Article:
“Fast” Eddie Clarke, the Motörhead guitarist featured on many of the band’s classic albums and a founding member of Fastway, died Wednesday. He was 67.
The group confirmed Clarke’s death on Facebook, noting that he was in the hospital for pneumonia.
“We are devastated to pass on the news we only just heard ourselves earlier tonight. Edward Allan Clarke – or as we all know and love him Fast Eddie Clarke – passed away peacefully yesterday,” the group wrote. “Fast Eddie…keep roaring, rockin’ and rollin’ up there as goddamit man, your Motörfamily would expect nothing less!!!”
Clarke came into the Motörhead fold after drummer Phil ‘Philthy Animal’ Taylor introduced him to Lemmy, and he replaced original guitarist Larry Wallis. Taylor himself died in November 2015 at the age of 61, and as all rock fans and Motörhead devotees know, Lemmy passed a month later, at 70.
Clarke played on Motörhead’s eponymous debut album, released by Chiswick in 1977, and their next four releases, the 1979 sets Overkill and Bomber, 1980’s celebrated Ace Of Spades and the aforementioned Iron Fist. After leaving the band, he formed Fastway, with former UFO bass player Pete Way. Signed to CBS, they had modest chart success on both sides of the Atlantic. They returned in 2011 with the album Dog Eat Dog.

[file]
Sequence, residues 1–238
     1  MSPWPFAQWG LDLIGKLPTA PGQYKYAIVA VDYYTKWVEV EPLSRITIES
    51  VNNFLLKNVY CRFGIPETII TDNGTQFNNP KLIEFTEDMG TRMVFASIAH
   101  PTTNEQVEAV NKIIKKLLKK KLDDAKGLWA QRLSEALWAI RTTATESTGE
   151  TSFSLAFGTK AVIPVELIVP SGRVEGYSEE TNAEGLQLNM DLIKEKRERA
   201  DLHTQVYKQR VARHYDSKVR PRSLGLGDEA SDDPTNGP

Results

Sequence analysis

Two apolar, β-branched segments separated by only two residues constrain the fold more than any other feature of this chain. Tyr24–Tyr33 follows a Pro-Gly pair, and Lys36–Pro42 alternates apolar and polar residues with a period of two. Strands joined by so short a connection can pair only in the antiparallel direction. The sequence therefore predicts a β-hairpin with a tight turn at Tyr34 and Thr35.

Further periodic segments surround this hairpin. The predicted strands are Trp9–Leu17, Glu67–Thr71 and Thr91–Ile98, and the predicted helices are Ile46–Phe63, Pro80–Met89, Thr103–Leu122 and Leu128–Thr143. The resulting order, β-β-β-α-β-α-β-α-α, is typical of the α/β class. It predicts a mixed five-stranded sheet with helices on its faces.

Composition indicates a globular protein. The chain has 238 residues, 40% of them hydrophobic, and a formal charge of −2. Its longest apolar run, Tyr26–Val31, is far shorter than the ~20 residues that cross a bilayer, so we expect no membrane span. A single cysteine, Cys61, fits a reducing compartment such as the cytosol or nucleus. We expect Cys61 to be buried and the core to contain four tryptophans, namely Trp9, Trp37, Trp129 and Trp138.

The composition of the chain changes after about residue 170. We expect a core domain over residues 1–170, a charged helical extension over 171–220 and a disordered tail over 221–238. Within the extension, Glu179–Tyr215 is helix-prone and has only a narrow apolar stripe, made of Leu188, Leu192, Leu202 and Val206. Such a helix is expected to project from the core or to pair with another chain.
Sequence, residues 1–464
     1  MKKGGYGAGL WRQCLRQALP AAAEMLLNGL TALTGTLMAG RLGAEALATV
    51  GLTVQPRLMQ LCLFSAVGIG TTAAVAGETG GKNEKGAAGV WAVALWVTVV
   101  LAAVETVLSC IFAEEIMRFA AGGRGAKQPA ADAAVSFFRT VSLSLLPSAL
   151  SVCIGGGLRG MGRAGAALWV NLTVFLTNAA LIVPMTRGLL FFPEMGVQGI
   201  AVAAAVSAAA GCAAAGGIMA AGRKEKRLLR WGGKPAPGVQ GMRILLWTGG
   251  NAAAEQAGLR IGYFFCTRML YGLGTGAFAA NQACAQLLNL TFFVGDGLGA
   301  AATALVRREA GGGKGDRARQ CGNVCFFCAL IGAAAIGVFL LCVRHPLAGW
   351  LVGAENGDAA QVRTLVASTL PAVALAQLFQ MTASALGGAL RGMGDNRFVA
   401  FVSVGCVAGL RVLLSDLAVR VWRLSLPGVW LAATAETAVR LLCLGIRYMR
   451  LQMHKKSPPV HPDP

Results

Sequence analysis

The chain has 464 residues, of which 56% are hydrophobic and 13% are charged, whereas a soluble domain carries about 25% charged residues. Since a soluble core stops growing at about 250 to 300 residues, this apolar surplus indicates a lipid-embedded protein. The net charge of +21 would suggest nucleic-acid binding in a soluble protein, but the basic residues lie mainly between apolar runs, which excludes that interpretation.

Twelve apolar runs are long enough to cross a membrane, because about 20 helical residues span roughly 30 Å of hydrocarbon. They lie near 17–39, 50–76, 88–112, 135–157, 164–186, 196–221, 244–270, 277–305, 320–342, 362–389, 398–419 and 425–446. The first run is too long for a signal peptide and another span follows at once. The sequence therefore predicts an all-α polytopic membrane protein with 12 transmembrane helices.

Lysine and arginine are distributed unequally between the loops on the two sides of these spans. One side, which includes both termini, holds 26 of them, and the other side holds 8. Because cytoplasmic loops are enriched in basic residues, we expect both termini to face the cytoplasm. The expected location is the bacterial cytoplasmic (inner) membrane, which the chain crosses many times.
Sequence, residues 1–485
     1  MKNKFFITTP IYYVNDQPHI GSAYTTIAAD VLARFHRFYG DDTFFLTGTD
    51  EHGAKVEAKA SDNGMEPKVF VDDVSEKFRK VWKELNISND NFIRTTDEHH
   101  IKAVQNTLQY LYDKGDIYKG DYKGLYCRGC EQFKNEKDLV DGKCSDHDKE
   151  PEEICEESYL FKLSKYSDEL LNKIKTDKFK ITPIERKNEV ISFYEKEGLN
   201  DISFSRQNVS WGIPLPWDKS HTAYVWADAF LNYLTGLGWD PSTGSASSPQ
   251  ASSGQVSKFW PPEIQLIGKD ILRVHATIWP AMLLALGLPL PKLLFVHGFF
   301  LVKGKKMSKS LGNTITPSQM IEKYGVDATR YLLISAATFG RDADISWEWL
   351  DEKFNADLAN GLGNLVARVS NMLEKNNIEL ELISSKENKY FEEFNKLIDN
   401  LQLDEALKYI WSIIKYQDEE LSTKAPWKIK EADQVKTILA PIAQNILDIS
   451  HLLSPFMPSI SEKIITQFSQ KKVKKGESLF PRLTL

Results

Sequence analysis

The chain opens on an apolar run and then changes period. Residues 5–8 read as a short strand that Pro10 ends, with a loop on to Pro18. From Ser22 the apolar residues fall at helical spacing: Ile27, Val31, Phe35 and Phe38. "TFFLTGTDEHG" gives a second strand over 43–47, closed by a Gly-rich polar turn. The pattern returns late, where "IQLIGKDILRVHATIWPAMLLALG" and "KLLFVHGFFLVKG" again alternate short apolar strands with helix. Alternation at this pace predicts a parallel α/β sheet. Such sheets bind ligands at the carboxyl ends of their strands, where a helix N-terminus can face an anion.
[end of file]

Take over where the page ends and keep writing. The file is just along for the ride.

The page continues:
Clarke also made 1994’s It Ain’t Over ‘Til It’s Over in his own name and guested with such bands as Saxon and Thor. Saxon posted on social media: “We’ve just heard our good friend Fast Eddie Clarke has died. Our thoughts go out to his loved ones and family. He will be greatly missed, but he’s gone to join Phil and Lemmy. We have great memories of our times with him.”
With Motörhead, Clarke played with loose, rock & roll abandon, as his guitar roared around frontman Lemmy Kilmister’s lead bass; his guitar solos were like Chuck Berry at 78 R.P.M. He took that style in a more metallic direction with Fastway, a more commercial hard-rock band he formed with former UFO bassist Pete Way. Where Motörhead’s grit achieved more success in the UK, Fastway’s slicker image, built on Clarke’s rock & roll riffs, resonated with American headbangers in the mid Eighties.
“Such a shock. He will be remembered for his iconic riffs and was a true rock n roller. RIP Eddie,” wrote Phil Campbell, one of Clarke’s replacements on guitar in Motörhead.
This story is developing. and